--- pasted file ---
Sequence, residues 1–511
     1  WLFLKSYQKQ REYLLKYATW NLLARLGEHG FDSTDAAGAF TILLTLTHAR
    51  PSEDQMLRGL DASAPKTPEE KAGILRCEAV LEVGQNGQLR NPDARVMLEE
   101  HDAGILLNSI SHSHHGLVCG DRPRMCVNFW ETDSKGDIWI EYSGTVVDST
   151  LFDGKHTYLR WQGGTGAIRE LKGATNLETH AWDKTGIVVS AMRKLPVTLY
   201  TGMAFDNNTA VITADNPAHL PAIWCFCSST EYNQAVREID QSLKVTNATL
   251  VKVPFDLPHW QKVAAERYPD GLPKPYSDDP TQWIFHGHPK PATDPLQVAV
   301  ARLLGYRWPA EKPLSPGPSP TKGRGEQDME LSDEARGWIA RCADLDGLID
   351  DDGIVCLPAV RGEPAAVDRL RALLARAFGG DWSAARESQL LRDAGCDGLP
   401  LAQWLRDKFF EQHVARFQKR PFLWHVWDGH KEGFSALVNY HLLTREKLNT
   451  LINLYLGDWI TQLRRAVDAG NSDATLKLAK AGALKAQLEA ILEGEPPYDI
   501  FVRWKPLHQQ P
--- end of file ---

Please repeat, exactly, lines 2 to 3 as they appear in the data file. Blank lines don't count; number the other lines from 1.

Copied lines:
     1  WLFLKSYQKQ REYLLKYATW NLLARLGEHG FDSTDAAGAF TILLTLTHAR
    51  PSEDQMLRGL DASAPKTPEE KAGILRCEAV LEVGQNGQLR NPDARVMLEE